Digging Into The Roots
Exploring the similarities between Newfoundland traditional music and bluegrass music
The crops are failing, the food is scarce and there’s no work to be had. This was the state of affairs in early 18th-century Ireland, when hundreds of thousands of Irish people migrated to North America, destined for Newfoundland, Pennsylvania, New York and Boston.They brought many things with them, and 300 years later, we don’t have much of it left. Except for the songs. The melodies of the ballads and dance tunes of yore still float through the air, connecting far-flung people to a common history.What began as the ballads and fiddle tunes of Ireland and England in the early 1700s evolved as people brought them to the New World, eventually becoming the folk songs of Newfoundland, New England and the Appalachians, the birthplace of bluegrass music. As it turns out, the old-time country music and its offspring, bluegrass, have a fair bit in common with traditional Irish-Newfoundland music.
Dave Rowe grew up in both Irish and bluegrass music worlds. His mother’s side of the family are the O’Brien clan, the namesake family of O’Brien’s Music in St. John’s, a store - and family - that, since 1939, has been an important part of the Irish-Newfoundland folk music scene. His father is Ted Rowe, a founding member of Crooked Stovepipe, the longest running bluegrass band in Newfoundland.
“So I grew up around bluegrass music,” says Dave, “and I grew up around Irish and Newfoundland music.” These days, Dave owns O’Brien’s Music and plays mandolin in Crooked Stovepipe.
“There’s definitely a connection with the song tradition, the ballad tradition that came over to Newfoundland as well as the New England area… and also a lot of the settlers who ended up in the Appalachian Mountains, they would all have come from a very similar tradition of balladry,” says Dave.
It’s not the similarities between the places or people that connect the musical styles of these regions, but rather their shared source location, says Dave. The roots of this music all reach back to Ireland and England, with influences from other regions blending in as well.
Tracing the Tunes
Bill Monroe and the Bluegrass Boys gave the bluegrass genre both its name and its defining sound of fast-paced, driving rhythms played on acoustic guitar, mandolin, banjo, bass and fiddle. Growing up on a farm in Kentucky, then later pursuing a music career, Bill Monroe was immersed in the songs of the Appalachian region. Many of those songs had roots in the British Isles, as did the people.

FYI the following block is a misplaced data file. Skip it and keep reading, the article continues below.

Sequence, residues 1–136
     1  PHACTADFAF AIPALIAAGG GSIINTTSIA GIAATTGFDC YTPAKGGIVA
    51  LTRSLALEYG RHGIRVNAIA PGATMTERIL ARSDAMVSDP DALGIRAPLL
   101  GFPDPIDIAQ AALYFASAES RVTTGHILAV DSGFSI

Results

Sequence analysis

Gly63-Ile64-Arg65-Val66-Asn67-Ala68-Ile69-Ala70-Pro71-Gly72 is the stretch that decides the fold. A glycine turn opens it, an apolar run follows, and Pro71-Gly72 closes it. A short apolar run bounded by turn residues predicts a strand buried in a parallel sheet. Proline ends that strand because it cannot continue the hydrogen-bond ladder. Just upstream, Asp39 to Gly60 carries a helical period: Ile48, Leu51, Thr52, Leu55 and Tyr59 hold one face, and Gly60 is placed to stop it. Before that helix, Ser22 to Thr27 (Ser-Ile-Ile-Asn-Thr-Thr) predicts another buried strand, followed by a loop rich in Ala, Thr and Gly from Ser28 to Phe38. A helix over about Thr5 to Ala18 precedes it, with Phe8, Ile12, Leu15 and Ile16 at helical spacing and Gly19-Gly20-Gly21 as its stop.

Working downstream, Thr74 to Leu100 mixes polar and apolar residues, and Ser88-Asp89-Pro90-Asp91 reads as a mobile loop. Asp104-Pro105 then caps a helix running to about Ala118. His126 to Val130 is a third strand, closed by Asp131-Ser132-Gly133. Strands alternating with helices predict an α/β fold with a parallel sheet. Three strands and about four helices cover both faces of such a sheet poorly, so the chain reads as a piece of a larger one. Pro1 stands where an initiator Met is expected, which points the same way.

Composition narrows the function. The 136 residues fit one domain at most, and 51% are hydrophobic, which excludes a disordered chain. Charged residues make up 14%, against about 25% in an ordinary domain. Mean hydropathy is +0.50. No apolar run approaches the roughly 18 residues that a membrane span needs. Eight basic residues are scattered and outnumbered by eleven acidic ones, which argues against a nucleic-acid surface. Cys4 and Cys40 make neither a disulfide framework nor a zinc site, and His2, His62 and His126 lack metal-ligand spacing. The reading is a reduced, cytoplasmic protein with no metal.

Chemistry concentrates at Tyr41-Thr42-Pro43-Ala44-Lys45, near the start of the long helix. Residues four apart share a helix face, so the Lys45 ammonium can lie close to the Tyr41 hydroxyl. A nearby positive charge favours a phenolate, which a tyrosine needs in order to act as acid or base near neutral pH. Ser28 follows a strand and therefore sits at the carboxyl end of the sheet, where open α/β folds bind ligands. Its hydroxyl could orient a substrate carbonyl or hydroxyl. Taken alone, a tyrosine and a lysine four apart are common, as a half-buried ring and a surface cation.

In 1932, Oxford University Press published English Folk Songs from the Southern Appalachians by British musician, teacher and folk song collector Cecil Sharp. It’s a book of songs he collected during trips in 1917 and 1918 to the Appalachians. He found the people of the remote mountain regions to be very similar to his English country folk of yore, and they were still singing the folk songs brought to the area a few generations ago.
Cecil’s excursion to America followed a period of song collecting in England, during which he catalogued hundreds of English folk songs. His trip to Appalachia was guided by thinking there may be more songs to be found amongst English settlers around the world. And following this train of thought, he had every intention of travelling to Newfoundland to collect songs, but died before he could make the trip.
We know this thanks to Cecil’s assistant, Maud Karpeles, who accompanied him on his Appala-chian trips and continued to gather songs after Cecil’s death.
She would make the trip to Newfoundland herself in 1929 and 1930, later publishing the songs in her book, Fifteen Folk Songs From Newfoundland. In the introduction she writes: “Cecil Sharp’s discoveries in the Appalachian Mountains led him to believe, quite rightly, that folk-songs of English origin were to be found in other parts of the American continent.”
One song, in particular, suggests that the song tradition of Newfoundland and Kentucky is more similar than different. “The Cruel Mother” appears in both the Appalachian and Newfoundland songbooks, with a shared refrain but otherwise different lyrics and melodies, providing a documented link between the musical cultures of Appalachia and Newfoundland.
In the introduction to his Appalachian songbook, Cecil writes of hearing - but not documenting - many fiddle jigs and tunes that were either similar to or the same as fiddle tunes from his homeland. Dave Rowe’s experience as a young child, listening to his parents and their friends play and listen to Irish Newfoundland and bluegrass music, is in some ways similar to the experiences of Cecil Sharp and Maud Karpeles.
“I didn’t know the difference between a bluegrass fiddle tune and an Irish fiddle tune at the time,” says Dave. “It was all just music. And it was all very similar.
“The newer ones [fiddle tunes] that are in bluegrass music that Bill Monroe himself wrote since the ’40s are still similar to fiddle tunes that you’ll hear played at Erin’s Pub on Friday nights that are three, four, five hundred years old, that are just old Irish dance songs,” says Dave. “And you can still hear that commonality."